Law 4: Always Say Less than Necessary
“When you are trying to impress people with words, the more you say, the more common you appear, and the less in control. Even you are saying something banal, it will seem original if you make it vague, open-ended, and sphinxlike. Powerful people impress and intimidate by saying less.”
Robert Greene, The 48 Laws of Power
It’s a long-joke in the EDM community that DJ’s make announcements to announce real announcements. It’s true. “I’ve got a big announcement coming up for you!!!!”, said every DJ with 200 likes on their Facebook page.
While it’s great to be excited and to be making moves, very often employing silence is more effective than overhyping yourself.
Head Down, Ambitions Up
When I worked as a line cook, I received a very practical bit of wisdom from the sous-chef of the kitchen.
He asked me, “Which is more dangerous, still or bubbling oil?”
“Bubbling,” I replied without haste. The spitting and spatting had already burned my arms several times over.
“No,” he said. “It’s the still oil. You cannot tell if still oil is hot or cold.”
He proceeded to show me how to add water to a pan of oil to make it bubble, and how to tell when it was ready.
Similarly, the most dangerous people in terms of creative force are those who stay quiet for long periods of time. Certain projects require a long period of radio silence in order to complete. Also, by not announcing your intentions, you are able to surprise your competition.
When looking for those who are truly making moves, don’t be caught up in who posts the most. Often, the quiet kid at the table has more in his sleeve than all of those who are boasting openly.
Don’t Wear Out the Audience
Some people will buy into you 100% of the time. Most people will grow tired of you quickly.
By constantly saying you have something, “big” in the works, you devalue the perceived importance of what you’re doing. If everything is hype, nothing is hype. Your audience will start to ignore you if you oversell yourself.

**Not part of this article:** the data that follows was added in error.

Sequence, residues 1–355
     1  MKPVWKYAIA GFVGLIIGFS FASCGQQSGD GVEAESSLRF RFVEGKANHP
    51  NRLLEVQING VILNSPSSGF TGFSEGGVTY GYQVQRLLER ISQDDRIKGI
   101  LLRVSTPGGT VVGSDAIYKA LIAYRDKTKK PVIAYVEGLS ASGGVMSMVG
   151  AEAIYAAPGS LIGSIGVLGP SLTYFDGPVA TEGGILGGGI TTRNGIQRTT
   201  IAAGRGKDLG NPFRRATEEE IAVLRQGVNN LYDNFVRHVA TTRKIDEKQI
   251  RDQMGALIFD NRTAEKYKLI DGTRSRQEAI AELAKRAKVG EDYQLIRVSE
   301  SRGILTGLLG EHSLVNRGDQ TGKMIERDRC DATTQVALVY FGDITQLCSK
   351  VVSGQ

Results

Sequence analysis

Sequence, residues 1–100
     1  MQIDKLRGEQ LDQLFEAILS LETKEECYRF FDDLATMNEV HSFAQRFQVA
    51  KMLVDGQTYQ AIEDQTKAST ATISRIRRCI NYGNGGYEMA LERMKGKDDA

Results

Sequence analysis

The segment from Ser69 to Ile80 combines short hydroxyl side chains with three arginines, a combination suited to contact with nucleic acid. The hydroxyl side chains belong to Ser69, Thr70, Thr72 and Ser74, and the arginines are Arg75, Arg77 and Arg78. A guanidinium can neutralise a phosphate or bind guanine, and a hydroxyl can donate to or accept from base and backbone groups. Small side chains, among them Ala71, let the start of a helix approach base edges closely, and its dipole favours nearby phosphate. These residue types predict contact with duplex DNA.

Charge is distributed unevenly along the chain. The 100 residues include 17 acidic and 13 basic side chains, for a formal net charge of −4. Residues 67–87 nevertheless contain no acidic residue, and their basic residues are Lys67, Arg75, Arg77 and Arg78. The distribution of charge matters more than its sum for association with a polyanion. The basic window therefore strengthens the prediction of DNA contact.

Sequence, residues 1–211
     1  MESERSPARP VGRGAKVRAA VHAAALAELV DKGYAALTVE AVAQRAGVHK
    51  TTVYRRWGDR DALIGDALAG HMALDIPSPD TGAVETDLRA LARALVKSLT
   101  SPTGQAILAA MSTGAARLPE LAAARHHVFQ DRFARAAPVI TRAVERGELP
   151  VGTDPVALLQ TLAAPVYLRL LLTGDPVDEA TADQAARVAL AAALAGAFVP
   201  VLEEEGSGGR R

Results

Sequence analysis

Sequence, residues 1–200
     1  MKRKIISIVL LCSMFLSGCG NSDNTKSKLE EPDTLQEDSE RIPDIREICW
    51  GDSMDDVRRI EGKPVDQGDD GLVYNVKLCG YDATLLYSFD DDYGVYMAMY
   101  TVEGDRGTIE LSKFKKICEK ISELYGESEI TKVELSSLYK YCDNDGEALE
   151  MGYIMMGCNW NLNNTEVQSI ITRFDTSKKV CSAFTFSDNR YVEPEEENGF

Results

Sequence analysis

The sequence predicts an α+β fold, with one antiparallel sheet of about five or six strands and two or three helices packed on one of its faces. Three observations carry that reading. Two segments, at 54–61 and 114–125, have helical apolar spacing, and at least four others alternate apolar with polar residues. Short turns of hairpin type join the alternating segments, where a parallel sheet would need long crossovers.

Don’t Buy into the Bullshit
Overhyping can create an addiction to positive feedback that is dangerous to your self-esteem and artistic career.
Imagine that you’re a DJ. You have a big gig coming up, and you announce it on Facebook. You get a solid amount of good feedback, likes, comments, and encouragement on the announcement.
Now 2 weeks later, you announce another, larger gig–a more prestigious venue, with a better lineup or headlining talent. This time, you don’t receive the same confirmation. Only a few likes and comments.
How would this make you feel? Obviously, the second gig was better than the first, but it wasn’t welcomed as well. If you tie in your value as an artist with your popularity on social media, you may feel that your second gig was a flop, or that you’re losing support.
In reality, every song you put out won’t be your biggest yet. Every show you play won’t be the biggest yet. Don’t play that.
Let the Project Speak for Itself
Good work needs very little push. Truly.
While we talk a lot about marketing here on the Pariah Reign blog, we understand too that the best form of marketing is a good product.
Instead of announcing every micro-step, allow the world to be stunned when you come out of nowhere. Slave away in secret for months, then unleash it on the world. If the work is good, you will create a bigger impact by delivering the full force than by piecing it out step by step.
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